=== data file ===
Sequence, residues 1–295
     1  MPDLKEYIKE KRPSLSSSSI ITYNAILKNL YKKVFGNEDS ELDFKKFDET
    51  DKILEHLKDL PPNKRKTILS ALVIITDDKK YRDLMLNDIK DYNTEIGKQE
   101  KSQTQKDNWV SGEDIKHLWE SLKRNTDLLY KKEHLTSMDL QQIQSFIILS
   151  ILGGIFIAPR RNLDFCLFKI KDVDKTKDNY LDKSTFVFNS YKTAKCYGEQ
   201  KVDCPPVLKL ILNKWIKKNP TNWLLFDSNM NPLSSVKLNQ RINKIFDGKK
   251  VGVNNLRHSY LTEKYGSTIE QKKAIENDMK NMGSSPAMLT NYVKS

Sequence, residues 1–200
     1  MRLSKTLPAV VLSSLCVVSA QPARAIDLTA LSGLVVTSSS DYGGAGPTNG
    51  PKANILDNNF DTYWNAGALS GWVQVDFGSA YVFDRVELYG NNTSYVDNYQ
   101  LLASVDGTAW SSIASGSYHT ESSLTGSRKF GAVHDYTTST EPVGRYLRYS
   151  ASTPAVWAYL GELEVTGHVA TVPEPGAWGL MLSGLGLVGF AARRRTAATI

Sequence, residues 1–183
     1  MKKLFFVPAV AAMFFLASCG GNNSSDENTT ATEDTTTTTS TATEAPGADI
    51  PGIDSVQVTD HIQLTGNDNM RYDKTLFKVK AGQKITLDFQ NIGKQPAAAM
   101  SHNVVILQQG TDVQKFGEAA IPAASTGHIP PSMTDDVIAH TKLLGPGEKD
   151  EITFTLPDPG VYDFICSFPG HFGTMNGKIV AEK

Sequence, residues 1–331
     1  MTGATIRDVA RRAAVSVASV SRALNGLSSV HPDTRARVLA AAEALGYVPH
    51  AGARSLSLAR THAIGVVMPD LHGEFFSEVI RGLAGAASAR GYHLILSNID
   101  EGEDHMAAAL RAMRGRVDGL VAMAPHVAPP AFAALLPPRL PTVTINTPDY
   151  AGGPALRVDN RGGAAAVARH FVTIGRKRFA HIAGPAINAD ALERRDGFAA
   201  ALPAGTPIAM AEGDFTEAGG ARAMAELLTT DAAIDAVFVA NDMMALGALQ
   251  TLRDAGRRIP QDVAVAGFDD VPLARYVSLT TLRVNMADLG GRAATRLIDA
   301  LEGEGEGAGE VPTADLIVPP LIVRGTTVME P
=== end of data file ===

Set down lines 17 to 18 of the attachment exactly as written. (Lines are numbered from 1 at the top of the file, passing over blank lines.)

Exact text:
   151  EITFTLPDPG VYDFICSFPG HFGTMNGKIV AEK

Sequence, residues 1–331